* Solar power firms to get boost from feed-in tariff
* Foreign players looking to grab slice of Japan's solar
* Companies say FIT will encourage economies of scale
* Public faith in nuclear power still in tatters after
By Shinichi Saoshiro
TOKYO, June 5 Solar power firms are betting that
the nuclear crisis in Japan will become a game-changer for
renewable energy in the world's third largest economy, with new
foreign entrants such as Canadian Solar looking to go
toe-to-toe there with some of the biggest utilities in Asia.
They will be given a big helping hand next month when the
government introduces a generous subsidy for renewable energy
via a so-called feed-in tariff (FIT), in a bid to encourage
alternative energy sources, which currently only generate about
1 percent of power in Japan.
The FIT, which excludes large hydro-electric schemes, will
require utilities to buy electricity generated by renewable
sources such as solar, wind and geothermal heat at a premium for
20 years. Costs will be passed on to consumers through higher
After dallying for years, lawmakers in Japan hastily turned
FIT into law last summer, with the Fukushima nuclear disaster in
March 2011 severely shaking the public's faith in atomic energy.
With the introduction of FIT, Japan's Yano Research
Institute expects investment in the country's solar power sector
to grow to 1.4797 trillion yen ($18.9 billion) in fiscal 2015
from 655.3 billion yen in the 2010 financial year.
Critics have already warned that a generous FIT could lead
to a bubble that will burst when the government eventually
lowers purchase prices.
But businesses say FIT is necessary to prompt the economies
of scale that would come from an increase in the number of
entrants into the market, lowering equipment costs and
eventually allowing the industry to stand on its own without
"FIT is going to create a bubble without a doubt. That
always happens with these kinds of schemes, but it will really
kick off solar (in Japan)," said Yu Kaname, vice president of
Canadian Solar Japan, which began business in the country in
2009 and was the first foreign company to take part in building
a large-scale solar plant there.
The purchase price of solar-generated electricity is
expected to be set at 42 yen per kilowatt hour (kwh),
significantly higher than the roughly 15 yen per kwh charged to
industrial consumers and the 25 yen kwh residential users have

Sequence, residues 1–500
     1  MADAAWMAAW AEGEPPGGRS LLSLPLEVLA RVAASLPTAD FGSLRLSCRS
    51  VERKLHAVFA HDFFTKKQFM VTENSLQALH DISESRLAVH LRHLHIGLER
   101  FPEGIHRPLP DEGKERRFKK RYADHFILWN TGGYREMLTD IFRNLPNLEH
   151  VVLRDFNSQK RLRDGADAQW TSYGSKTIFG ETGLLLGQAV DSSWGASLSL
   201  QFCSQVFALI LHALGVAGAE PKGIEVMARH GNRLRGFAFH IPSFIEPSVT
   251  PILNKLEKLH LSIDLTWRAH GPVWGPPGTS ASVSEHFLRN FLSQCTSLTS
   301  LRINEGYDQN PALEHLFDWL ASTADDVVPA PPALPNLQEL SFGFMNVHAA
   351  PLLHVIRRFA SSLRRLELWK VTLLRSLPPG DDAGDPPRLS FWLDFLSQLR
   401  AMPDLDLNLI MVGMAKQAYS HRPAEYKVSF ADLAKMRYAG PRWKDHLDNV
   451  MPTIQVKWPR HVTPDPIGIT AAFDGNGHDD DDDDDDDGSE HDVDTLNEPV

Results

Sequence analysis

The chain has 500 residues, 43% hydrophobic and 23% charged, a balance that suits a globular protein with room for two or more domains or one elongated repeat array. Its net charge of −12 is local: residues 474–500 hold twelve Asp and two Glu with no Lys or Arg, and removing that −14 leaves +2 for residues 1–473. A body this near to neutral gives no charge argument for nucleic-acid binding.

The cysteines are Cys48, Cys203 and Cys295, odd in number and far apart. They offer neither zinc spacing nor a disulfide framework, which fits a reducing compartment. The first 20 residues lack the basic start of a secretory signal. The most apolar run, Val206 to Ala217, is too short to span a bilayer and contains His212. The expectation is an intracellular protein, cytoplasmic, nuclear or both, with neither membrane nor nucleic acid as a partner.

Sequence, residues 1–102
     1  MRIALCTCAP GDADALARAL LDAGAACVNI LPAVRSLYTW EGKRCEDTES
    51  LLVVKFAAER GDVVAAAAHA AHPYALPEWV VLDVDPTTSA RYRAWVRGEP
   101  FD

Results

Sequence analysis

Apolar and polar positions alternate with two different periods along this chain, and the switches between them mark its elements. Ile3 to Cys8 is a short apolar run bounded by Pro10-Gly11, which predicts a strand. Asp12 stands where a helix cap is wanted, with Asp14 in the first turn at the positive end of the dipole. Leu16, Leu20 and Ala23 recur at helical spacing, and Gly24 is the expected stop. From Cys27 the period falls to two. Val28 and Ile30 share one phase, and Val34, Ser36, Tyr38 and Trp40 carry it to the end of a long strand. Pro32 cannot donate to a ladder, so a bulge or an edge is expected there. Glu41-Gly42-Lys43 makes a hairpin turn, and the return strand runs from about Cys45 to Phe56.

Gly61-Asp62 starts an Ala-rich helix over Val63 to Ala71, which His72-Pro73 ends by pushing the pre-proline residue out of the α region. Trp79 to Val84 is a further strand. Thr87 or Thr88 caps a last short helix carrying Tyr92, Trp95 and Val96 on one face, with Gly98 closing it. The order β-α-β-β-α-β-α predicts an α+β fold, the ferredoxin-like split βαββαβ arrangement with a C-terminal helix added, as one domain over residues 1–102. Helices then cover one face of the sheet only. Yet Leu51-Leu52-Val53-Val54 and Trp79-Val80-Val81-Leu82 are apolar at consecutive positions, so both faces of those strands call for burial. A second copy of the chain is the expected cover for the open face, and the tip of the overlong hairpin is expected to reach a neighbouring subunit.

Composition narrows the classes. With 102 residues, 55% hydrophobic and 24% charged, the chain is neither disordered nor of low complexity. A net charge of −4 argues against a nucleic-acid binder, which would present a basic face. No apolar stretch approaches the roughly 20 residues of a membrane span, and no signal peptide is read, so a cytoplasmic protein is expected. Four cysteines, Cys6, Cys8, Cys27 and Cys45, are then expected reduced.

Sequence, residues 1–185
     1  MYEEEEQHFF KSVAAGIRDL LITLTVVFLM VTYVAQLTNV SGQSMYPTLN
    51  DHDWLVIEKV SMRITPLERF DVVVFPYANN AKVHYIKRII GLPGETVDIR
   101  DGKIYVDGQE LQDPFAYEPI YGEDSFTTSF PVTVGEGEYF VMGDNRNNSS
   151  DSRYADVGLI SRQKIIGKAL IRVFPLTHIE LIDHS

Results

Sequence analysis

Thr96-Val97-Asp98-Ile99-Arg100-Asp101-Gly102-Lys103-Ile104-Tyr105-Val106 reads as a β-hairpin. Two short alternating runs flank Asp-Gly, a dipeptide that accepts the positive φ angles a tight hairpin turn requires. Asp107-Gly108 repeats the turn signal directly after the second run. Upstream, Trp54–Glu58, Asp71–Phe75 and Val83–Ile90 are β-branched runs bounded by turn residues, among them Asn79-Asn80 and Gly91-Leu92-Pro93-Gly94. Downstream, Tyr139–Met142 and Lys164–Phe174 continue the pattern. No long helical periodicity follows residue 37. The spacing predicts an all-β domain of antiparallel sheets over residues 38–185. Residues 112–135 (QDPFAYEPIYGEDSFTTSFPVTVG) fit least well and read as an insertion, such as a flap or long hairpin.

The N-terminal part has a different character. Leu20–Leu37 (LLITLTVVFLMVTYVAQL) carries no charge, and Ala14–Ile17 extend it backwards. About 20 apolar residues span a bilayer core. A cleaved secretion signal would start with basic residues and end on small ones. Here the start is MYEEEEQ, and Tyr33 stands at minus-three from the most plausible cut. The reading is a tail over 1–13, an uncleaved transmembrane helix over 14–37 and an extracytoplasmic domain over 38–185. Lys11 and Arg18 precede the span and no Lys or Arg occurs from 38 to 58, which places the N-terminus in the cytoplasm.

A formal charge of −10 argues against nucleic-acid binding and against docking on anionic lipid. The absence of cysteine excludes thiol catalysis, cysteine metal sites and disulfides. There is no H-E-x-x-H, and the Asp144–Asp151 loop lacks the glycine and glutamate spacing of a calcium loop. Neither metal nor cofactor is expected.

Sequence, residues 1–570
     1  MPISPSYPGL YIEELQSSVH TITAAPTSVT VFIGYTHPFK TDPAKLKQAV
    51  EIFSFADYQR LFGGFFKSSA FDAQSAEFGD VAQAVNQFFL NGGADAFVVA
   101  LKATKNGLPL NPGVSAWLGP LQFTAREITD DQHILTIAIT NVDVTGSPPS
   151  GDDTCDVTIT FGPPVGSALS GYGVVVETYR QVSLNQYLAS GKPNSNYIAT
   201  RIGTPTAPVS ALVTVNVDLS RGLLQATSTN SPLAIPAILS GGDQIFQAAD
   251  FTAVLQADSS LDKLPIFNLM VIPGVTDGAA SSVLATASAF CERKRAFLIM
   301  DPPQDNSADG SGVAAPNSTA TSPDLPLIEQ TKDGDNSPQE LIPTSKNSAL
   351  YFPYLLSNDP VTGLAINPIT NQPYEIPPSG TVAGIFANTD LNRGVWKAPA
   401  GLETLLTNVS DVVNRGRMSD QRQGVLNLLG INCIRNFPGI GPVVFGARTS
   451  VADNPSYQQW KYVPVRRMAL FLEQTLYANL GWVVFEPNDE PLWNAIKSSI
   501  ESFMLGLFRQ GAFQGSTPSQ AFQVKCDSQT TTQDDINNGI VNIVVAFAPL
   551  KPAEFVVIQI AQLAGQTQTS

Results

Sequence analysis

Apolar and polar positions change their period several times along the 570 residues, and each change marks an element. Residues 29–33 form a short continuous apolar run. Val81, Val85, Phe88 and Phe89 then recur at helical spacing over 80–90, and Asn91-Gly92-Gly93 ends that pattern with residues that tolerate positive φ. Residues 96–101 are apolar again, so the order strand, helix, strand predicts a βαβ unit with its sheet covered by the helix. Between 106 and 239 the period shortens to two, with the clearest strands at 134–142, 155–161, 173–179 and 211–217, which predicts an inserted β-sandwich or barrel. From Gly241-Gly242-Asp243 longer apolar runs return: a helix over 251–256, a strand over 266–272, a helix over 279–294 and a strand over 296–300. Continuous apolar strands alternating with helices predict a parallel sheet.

to pay for power.
But Kaname said the cost of producing solar-generated
electricity would come down with the introduction of FIT,
enabling it to reach "grid parity", when the cost of generating
electricity from renewable sources is equal to or lower than
that sold on the common power grid.
"We are almost at grid parity here. Think of what would
happen if Japan allows things to run their natural course and
solar reaches grid parity. We will be playing with the big
boys," Kaname said, referring to the Japanese utilities that
have long dominated the industry. These include Tokyo Electric
Power, the operator of the Fukushima Daiichi nuclear
facility and one of Asia's largest energy companies.
Faced with losses in once-booming solar markets in Germany,
Spain and elsewhere, foreign entrants are rushing to grab a
piece of the new solar power pie, driving down prices and
squeezing domestic players.
"The market is finally moving now that the FIT has been set,
and we are being bombarded by enquiries," said Yutaka Yamamoto,
president of Suntech Power's Japan unit.
"Foreign firms will now be able to fight on an equal footing
in the non-residential solar panel market, which is the area
that will see the fastest growth," said Yamamoto.
The recent rush by home owners to cover their roofs with
panels and companies to build "mega solar" farms have made solar
cells a hot commodity.
Sales of solar cells rose 30 percent in 2011 from the
previous year to just under 1.3 gigawatts, topping 1 gigawatt
for the first time. They could rise above 2.5 gigawatts in the
year through March 2013 with FIT, Sharp Corp Chairman
Mikio Katayama said in May.
That all of Japan's 50 nuclear reactors lie dormant amid
public concern in the wake of Fukushima is an added boost for
Swimming against the tide of public opinion the government
is trying to convince sceptical local authorities to restart
some nuclear reactors in a bid avert a power crunch before the
But considering the fierce opposition the government is
facing, few expect nuclear energy - which provided a third of
Japan's electricity before Fukushima - to play a key role again
A number of solar makers may fall by the wayside if the FIT
bubble bursts in a few years, but foreign companies are
confident that their cost effective global production network
will help them stay abreast of the competition, especially
"Japanese makers can survive in the residential segment. But
the price competition in the commercial segment will be far more
brutal," said Yamamoto at Suntech.
"Domestic manufacturers have nobody to blame but themselves.
They knew about the price differential, but were unable to take
action - it was just a matter of building factories abroad. Even
now, only Panasonic has said it will build a plant overseas,
which is unthinkable."
Panasonic Corp said last year that it would invest
$580 million to build a solar cell plant in Malaysia, as a
strong yen makes domestic production more expensive.